It is not about leaders that we elect, but electing ourselves into the process of remembering and becoming a citizen that is described as “We the People” and recover the real meaning of freedom. Americans need collective cultural therapy and I find Nader’s campaign as becoming a kind of social movement that awakens the civic mind and fills the gap between individual potential and manipulated identity.
Austrian philosopher, Rudolf Steiner (1955/1986) asserts:
A special kind of moral principle is involved when the commandment does not announce itself to us through outer authority, but from within ourselves; we may call this moral autonomy. We then hear within ourselves the voice to which we must submit. The expression of this voice is conscience. Moral progress occurs when a person does not simply accept the commandment of an outer or an inner authority as a motive for action, but rather strives to see why any given principle should work as a motive. (pp. 145-146)
This is collective cultural therapy and through this process, one can recover one’s own voice.
Depth Psychological Orientation:
By working with Jung’s concepts, such as Self and ego, I will bridge the active citizenship that Ralph Nader describes with the deeper psycho-social analysis, specifically by redefining active citizenship using Jung’s terms as a state of Ego-self axis one establishes, which Edward Edinger (1972/1992) elucidates:
The ego-Self axis represents the vital connection between ego and Self that must be relatively intact if the ego is to survive stress and grow. This axis is the gateway or path of communication between the conscious personality and the archetypal psyche. Damage to the ego-Self axis impairs leading to alienation of the ego from its origin and foundation. (p. 38)
Imagination and images are the language of the Self. We the people identified in the Constitution is a communication of consciousness. This pathway is often blocked, with voices from the Self (imagination and images) being replaced with commercial ads and chattering of news from the media. This replaced voice makes us identify solely with meaning (ego, persona, a role) that is given from outside. The gap between ego and the self become larger as the gap between Washington DC and ordinary citizens become larger.
To shrink this gap, what James Hillman (1975) presented, four ideas for “the soul making process: personifying” (p. 4), “pathologizing” (p. 55), “psychologizing” (p. 123), and “dehumanizing” (p. 175) would be helpful for the treatment of elimination of the blockage that lies in the unconscious realm to recover one’s imagination, a language of the Self.
Therapeutic tools: Research methods
I will use a phenomenological approach in interviews, engaging people in a Socratic dialogue to foster inner dialogue within themselves. This way of dialogue would help them to see the underlying feelings, revealing an internalized critical voice, what was referred to as “cops in the head” (p. xx)- an internalized oppressed voice as was described in The Rainbow of Desire by Augusto Boal (1995) to prevent thinking for oneself. This way of phenomenological deep listening allows others to reveal themselves fully as they are, and relating to the others through their own experience and words rather than my words, and academic theories is my goal. I will bring immediate application through the translation of academic learning into the ground level experience and language (I will use the artistic avenue of the poetry slam to get a message out and invoke dialogue).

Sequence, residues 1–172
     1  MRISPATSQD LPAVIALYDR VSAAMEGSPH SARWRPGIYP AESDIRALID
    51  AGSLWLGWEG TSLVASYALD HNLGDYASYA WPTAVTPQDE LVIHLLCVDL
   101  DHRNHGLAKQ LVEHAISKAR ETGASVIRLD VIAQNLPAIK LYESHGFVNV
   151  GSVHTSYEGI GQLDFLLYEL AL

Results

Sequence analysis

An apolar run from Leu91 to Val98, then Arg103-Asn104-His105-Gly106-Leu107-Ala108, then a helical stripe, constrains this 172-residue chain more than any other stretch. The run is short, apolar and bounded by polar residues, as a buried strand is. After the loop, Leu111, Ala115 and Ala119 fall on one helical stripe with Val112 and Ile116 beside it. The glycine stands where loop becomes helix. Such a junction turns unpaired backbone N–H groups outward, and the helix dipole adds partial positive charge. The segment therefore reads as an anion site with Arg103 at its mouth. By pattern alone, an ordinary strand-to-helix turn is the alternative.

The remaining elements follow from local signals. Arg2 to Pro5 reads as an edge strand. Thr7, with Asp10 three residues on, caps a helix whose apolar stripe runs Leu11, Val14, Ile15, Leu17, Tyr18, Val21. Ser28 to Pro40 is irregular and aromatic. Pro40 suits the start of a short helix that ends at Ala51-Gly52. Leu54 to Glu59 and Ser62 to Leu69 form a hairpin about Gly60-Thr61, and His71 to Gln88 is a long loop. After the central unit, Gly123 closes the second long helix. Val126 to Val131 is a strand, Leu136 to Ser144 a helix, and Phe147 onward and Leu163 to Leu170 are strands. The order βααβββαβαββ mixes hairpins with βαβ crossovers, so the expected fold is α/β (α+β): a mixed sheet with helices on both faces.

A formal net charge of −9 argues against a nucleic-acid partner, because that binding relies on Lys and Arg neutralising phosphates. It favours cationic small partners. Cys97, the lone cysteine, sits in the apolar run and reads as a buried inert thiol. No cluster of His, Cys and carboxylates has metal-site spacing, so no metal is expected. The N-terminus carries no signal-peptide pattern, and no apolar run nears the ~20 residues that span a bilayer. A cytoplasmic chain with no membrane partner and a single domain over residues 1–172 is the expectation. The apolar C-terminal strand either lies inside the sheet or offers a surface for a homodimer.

Cure- Awakening the Civic Mind
The purpose of this fieldwork is to engage citizens in creating true democracy, opening the system where the Self can enter as active agent without needing to compromise moral sense of civic service and becoming disconnected from the higher principle. Through engaging in this social movement one can transform oneself to become an active agent for real change, creating a true democracy.
Aymery, G. (May 19, 2008). Meeting Ralph Nader & Matt Gonzalez. Retrieved May 30, 2008 from http://www.swans.com/library/art14/ga251.html
Boal, A. (1995). The rainbow of desire: The Boal method of theatre and therapy (A. Jackson, Trans.). New York: Routeldge.
Edinger, E. F. (1992). Ego and archetype. Boston, MA: Shambhala Publishing. (Original work published 1972)
Hillman, J. (1975). Re-visioning psychology. New York: HarperCollins.
Jung, C. G. (1983). The essential Jung.(A. Storr, Ed.). New York: NJF Books.
Nader, R. (1991, February 16). Ralph Nader interview: Making government and business accountable. Retrieved May 30, 2008 from http://www.achievement.org/autodoc/page/nad0int-1
Nader, R. (2004). The good fight: Declare your independence & close the democracy gap. New York: 10 Regan Books.
Needleman, J. (2002). The American soul: Rediscovering the wisdom of the founders. New York: Penguin Group.
Steiner, R. (1986). Intuitive thinking as a spiritual path: A philosophy of freedom. MA: Anthroposophical Press. (Original work published 1955)
This piece was written in 2010.